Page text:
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You remember the revolutionary rock musical Hair written by Gerome Ragni and James Rado out of their street life. They spread the frustrations of youth on stage and expected an instant new life style for all. And the songs, "Aquarius", "I Got Life", "Good Morning Starshine" - somehow Jimmy Rado's lyrics let the sunshine in.
Now Rado has written music and lyrics on his own to a Hair sequel he calls Rainbow. He has also co-authored the book with his brother, Ted. The Viet was veteran Jim played in Hair comes home to confront the president.
And once again the songs and lyrics are musical and marvelous, another "Star Song", a "Somewhere Under The Rainbow", and a "Mama Loves You". And Rado has used all the idioms: rock, gospel, jazz and blues.
"At the last count, there are 42 songs," says Jimmy. "But the show is fluid. It's so joyful and crammed with life. Sometimes when I watch, I'm embarrassed, because it is an up musical, idealistic, maybe naive. Where else can you see a rainbow and rainbeams?"
Jimmy Rado turned 40 on Tuesday. He is a sweet, shy man, and the back of his head is a bald pate shaped like a yarmulke and surrounded by long, whispy blond hair. Although he has invested $100,000 of his own money in Rainbow he must still be a millionaire, a fact he fails to find important.
"No, my lifestyle hasn't changed that much. I live in the hinterland, that is, Hoboken, where you can look across at the Manhattan skyline, where you don't want to live. I have a car now, a Volkswagen bus. I'm involved in the theater and i consider myself an actor."
According to brother Ted, 37, the more practical man, Jim always wanted to be an actor. Ted never knew exactly what he did want. He became the director companies for Michael Butler, after the show became a national institution.
The Rado brothers' father, Alex Radomski, was a professor at the University of Rochester when they were born. They grew up in Washington, D.C., where he is now a sociologist.
The juke box at the Orchidia (Italian cuisine) was blaring "This is the Age of Aquarius" and across Second Avenue at the Orpheum Rainbow was lighting up a frigid dusk. Jimmy had signed the payroll, responded to director Joe Donovan's questions and learned Marie Santell, who belly dances "Oh, Oh, Oh," was unhappy with her out front photos.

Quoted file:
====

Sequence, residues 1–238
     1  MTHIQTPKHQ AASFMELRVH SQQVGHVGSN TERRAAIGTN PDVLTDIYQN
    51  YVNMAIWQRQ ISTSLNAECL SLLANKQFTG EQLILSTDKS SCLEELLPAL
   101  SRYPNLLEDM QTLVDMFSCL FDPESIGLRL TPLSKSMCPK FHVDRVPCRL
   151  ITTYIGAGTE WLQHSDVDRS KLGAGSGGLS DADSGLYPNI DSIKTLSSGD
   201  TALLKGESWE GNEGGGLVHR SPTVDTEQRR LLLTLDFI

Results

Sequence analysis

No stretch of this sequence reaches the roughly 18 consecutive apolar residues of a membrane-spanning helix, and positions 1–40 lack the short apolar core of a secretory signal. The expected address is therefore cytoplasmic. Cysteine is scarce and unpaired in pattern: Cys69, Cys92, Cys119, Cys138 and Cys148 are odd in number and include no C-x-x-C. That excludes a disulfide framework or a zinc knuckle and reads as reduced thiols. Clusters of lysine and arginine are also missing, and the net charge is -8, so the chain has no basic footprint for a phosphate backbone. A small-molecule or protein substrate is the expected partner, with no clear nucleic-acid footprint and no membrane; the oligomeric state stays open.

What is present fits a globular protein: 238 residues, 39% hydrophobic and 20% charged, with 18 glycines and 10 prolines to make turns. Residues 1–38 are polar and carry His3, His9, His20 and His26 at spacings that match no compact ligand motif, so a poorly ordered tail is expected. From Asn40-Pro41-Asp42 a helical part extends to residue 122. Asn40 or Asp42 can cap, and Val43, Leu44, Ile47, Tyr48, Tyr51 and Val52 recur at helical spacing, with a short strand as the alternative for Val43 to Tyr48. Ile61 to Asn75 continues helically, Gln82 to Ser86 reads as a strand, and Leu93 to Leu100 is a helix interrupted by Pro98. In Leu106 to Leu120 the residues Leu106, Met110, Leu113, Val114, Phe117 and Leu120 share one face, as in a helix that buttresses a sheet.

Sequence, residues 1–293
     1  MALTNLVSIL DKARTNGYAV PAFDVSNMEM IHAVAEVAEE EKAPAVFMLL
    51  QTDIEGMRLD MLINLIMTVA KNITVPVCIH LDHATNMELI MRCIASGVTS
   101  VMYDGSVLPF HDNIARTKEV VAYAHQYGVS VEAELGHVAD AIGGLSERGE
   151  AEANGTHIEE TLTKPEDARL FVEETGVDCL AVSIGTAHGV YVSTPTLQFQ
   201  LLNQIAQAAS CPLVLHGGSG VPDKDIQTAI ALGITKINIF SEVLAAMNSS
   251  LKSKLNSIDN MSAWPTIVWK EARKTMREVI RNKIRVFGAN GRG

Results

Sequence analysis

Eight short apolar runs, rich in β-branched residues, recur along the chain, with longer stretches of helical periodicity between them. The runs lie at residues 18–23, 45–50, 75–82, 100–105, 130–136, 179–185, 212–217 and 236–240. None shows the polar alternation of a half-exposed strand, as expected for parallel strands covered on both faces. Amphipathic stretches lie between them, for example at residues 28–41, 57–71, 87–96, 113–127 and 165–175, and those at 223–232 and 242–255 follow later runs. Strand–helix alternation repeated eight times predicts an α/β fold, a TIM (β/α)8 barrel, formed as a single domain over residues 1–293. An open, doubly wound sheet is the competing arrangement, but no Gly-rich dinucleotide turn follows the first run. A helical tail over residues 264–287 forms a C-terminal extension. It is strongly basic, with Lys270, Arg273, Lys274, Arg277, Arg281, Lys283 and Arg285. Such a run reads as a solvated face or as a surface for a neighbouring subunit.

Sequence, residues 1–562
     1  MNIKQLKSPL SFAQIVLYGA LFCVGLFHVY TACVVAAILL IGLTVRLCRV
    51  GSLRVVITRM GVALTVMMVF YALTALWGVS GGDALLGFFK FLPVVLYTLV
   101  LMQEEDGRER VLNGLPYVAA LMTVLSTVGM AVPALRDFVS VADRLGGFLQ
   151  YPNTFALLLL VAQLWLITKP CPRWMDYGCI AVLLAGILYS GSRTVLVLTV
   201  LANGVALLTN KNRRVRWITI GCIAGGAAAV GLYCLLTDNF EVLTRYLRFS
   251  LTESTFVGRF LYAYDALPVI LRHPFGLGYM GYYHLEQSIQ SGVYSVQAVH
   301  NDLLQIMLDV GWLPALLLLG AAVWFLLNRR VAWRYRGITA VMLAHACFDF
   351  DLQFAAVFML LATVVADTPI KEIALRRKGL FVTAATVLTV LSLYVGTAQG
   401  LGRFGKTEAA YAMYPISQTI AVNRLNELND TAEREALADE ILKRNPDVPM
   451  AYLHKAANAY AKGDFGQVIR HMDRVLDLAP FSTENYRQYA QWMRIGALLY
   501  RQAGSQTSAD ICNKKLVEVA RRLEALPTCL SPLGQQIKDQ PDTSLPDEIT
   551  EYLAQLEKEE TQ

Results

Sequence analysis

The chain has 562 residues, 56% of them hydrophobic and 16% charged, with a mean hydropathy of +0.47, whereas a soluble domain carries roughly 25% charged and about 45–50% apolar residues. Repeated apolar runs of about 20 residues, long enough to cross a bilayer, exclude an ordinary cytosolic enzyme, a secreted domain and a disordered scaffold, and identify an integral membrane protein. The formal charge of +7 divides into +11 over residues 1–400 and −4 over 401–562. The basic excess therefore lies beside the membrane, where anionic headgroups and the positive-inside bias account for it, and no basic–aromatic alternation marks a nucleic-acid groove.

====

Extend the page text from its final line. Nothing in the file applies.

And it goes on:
"One of the things I like about putting on the show is giving work to actors. Most of our cast is from the 10 companies of Hair we've had touring the country. Greg Karliss plays Man, my role, and he joined us from a parking lot in Los Angeles."
Jimmy seems reluctant to admit that street life in the '70s has lost the gusto of the '60s, the naiveté and the innocence, and has assumed a brutality he never acknowledges in Rainbow.
"In the early '60s, Gerry and I were actors around the theater. But what we observed in the streets we put into Hair. In those days what was happening in the streets was more exciting than anything being put on stage.
"Almost every event in Hair was observed in the streets. And I've always written music and lyrics or poetry. Even when I was acting In "Lion In Winter" with Rosemary Harris on Broadway, I was writing songs in my dressing room.
"Look, I'm grateful to Joe Papp, with first put the show on, and to Michael Butler, for Broadway, and Tom O'Horgan who felt so close to the material. We had plenty of imitators, but we succeeded."
With Rainbow, Jim says he started, as in Hair, with a great bulk of material, with various connecting themes. His songs "Questions, Questions" and "Give Your Heart To Jesus" were strung on the book he and Ted wrote as collaborators.
"I just hope," says Ted, "Rainbow catches on. Our life with Hair was like the Beatles. The groupies followed us from city to city. And we liberated a whole generation of kids, some positive, some negative."
A Rainbow for the '70s?